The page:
One of the most bittersweet memories of my long hunting career was the first day I hunted. It was Minnesota, 1971, one of the peakest peak years in one of the best grouse states, and I was in a very good cover. Early on opening morning I, my father, and his brother entered a birdy woodlot across from my uncle’s farm. And the shooting commenced.
All morning long, grouse after grouse exploded in front of me. I shot. And shot and shot. Again and again, nary a feather was parted. Frustration bore down on me. And when the day was done, as I was finishing a whole box of shells, I finally bagged my first bird.
A Most Challenging Game
I’m still not sure how or why I could have missed 24 of my first 25 shots at grouse. But it instilled in me a fascination with the challenge and a determination to become proficient at this most challenging game. I’ve studied this thing, and can offer these suggestions for improving your performance on grouse shooting.
* First and foremost, accept grouse shooting for what it is. What it most definitely is not is swinging on winging clays against a clear azure sky as some bum behind you murmurs, “Lead that one 3 feet, a foot and a half on the next.” Grouse shooting is trying first of all to see a target that is actually trying not to be seen, with sun and sticks in your eyes, your gun barrel smacking against saplings as briars pull at your sleeve — whoops, a sudden change of direction there … . Just plain accept that this is different from the ideal shotgun shooting situation. Much of what follows harks back to that.
* In my experience with lots of hunting buddies, I would say that most hunters would put considerably more grouse in the bag if they would do one simple thing. Shoot. That’s right. When I hear someone say I got 17 flushes today, but only a couple shots, I think, “You probably should have shot a dozen times.”
“But you can’t hit what you can’t see,” they would say. But yes you can and I would have to say as weird as it may sound that in the early season I see about half of the grouse that I shoot at, at the time I pull the trigger. It’s about seeing the movement, tracking a flight line, swinging through it, and hitting the trigger. Much of the time the bird has gotten behind the bushes, but it’s too late — for him! Much of the time I am shooting at a mere flash of feathers — or more precisely, where I surmise they will be when my pellets get there.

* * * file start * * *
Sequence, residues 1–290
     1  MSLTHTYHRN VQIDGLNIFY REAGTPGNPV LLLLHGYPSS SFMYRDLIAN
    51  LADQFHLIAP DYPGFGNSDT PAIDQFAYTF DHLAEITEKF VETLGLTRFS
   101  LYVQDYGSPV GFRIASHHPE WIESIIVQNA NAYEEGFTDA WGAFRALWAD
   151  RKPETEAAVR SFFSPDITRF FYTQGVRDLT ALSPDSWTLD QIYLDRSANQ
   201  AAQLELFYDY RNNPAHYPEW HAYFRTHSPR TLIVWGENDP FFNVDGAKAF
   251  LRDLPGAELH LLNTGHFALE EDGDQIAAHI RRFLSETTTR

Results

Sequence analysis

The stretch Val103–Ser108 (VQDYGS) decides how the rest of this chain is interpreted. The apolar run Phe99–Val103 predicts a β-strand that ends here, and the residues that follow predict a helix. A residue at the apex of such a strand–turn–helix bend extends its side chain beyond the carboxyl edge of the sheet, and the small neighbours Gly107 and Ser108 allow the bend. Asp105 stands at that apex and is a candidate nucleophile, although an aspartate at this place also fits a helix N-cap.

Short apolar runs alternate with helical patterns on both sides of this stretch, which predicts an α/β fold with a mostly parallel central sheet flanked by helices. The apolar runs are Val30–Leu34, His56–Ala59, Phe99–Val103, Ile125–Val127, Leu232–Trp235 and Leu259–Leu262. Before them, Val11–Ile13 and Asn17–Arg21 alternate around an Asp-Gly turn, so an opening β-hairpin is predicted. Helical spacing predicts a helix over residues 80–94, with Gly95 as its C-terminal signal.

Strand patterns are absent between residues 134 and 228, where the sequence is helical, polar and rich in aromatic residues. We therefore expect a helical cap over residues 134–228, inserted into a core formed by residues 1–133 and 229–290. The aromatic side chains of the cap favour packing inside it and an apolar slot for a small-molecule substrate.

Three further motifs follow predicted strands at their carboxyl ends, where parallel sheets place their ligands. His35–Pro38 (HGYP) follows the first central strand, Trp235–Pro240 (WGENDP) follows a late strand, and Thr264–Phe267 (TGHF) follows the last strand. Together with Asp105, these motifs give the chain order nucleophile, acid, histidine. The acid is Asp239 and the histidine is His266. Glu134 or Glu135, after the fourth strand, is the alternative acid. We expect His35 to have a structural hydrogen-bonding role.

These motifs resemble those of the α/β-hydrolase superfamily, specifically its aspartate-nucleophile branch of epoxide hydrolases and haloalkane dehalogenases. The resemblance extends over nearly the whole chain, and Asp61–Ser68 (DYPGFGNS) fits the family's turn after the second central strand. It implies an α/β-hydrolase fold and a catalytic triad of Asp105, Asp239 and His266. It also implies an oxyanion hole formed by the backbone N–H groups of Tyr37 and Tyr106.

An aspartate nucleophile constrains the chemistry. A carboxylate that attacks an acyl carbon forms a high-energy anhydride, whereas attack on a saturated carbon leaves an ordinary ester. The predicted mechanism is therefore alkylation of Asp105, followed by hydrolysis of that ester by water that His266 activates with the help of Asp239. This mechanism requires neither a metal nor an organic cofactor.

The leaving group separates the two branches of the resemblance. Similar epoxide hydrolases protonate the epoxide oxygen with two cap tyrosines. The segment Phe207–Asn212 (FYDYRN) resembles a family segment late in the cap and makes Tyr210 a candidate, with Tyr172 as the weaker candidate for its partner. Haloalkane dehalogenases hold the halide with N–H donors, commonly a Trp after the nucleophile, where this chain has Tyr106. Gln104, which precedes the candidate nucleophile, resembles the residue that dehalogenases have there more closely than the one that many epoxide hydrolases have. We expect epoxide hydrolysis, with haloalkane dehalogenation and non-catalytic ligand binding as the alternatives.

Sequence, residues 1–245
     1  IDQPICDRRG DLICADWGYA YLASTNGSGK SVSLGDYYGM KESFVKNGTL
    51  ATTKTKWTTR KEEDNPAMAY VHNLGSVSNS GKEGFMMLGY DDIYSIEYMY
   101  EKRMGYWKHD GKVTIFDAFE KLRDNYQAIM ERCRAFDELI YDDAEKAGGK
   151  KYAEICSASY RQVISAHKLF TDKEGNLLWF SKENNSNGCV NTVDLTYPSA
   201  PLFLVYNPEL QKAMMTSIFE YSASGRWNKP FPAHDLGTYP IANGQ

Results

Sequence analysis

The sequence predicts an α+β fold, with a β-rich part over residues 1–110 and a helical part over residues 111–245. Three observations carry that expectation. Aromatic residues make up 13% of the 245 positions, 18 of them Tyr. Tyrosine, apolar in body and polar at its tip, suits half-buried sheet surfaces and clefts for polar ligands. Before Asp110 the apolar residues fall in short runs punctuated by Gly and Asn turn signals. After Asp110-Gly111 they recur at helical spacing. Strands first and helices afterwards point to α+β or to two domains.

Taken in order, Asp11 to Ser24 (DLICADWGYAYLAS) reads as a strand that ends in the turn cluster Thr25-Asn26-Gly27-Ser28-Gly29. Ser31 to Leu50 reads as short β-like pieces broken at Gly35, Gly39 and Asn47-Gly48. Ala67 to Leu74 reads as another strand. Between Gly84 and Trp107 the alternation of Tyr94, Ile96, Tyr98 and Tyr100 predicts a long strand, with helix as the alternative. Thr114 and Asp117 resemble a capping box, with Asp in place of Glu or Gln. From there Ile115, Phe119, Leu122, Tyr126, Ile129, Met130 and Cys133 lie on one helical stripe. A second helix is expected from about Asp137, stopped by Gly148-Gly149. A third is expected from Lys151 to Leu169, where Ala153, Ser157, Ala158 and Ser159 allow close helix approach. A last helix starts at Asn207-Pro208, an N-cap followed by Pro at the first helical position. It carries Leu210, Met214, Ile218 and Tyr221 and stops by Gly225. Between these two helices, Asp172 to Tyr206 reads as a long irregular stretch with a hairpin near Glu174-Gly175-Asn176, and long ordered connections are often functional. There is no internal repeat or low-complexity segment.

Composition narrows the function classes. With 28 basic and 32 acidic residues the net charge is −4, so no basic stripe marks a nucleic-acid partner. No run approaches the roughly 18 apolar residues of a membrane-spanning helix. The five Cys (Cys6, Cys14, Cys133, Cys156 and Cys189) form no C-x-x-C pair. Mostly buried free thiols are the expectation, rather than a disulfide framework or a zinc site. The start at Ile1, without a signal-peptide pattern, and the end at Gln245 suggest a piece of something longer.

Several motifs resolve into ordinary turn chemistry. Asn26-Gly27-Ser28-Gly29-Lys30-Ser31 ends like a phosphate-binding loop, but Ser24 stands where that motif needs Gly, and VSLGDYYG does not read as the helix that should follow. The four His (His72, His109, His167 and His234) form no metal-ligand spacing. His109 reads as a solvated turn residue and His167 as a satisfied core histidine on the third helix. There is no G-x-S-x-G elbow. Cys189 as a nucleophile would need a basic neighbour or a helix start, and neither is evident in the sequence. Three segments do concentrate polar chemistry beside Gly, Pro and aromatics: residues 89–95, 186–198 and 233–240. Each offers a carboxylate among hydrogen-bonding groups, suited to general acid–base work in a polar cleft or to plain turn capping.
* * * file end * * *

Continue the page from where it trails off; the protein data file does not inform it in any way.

* When practicing on a clays’ course, train yourself for this type of shooting. It always strikes me as ridiculous when I see someone mounting their gun before shouting “pull.” Has a grouse ever let you do that? Here’s how to practice. Keep your gun down as you would when walking through a thick woods. DO NOT plant your feet in “proper” shooting position. Look hard to your right or left. Then yell “pull.” Wait for the sound of the trap going off, then look hard for motion as you yank your gun to your shoulder. Stare hard at the target as you sweep the muzzle past it and slam the trigger. Whether you nailed it or missed, immediately go back through your mind’s eye to recognize what you did that made you hit or miss. Etch that in your memory, and resume training.
* You may have discerned by now that successful grouse shooting is all about quickness. You can prepare yourself for this in the field by picking a small target, throwing your shotgun to your shoulder and pretending to shoot. Small birds are good for this. Make sure to leave your safety on, and take it off when it’s a grouse. Work on how quickly and accurately you can mount the gun — it is key in grouse shooting.
Use The Right Shell
* Use the right gun and loads. You want a relatively short shotgun that is pointing where you look at the instant of your mounting it. Ideally it is an over/under or side-by-side that will afford you a completely open (skeet) choke in the first barrel and improved cylinder in the second. Trust me, a pattern cannot get too open for the shots you hope to get before the bird gets too far into the trees. I like 8 shot for the first barrel, 7-1/2 for the second. Don’t make the mistake of using light field loads. When you’re shooting at birds you can’t see, that means a lot of your pellets will never make it there.
There you have it, my best advice for improving your grouse hunting. And if I may reiterate, the key is this: Just shoot!
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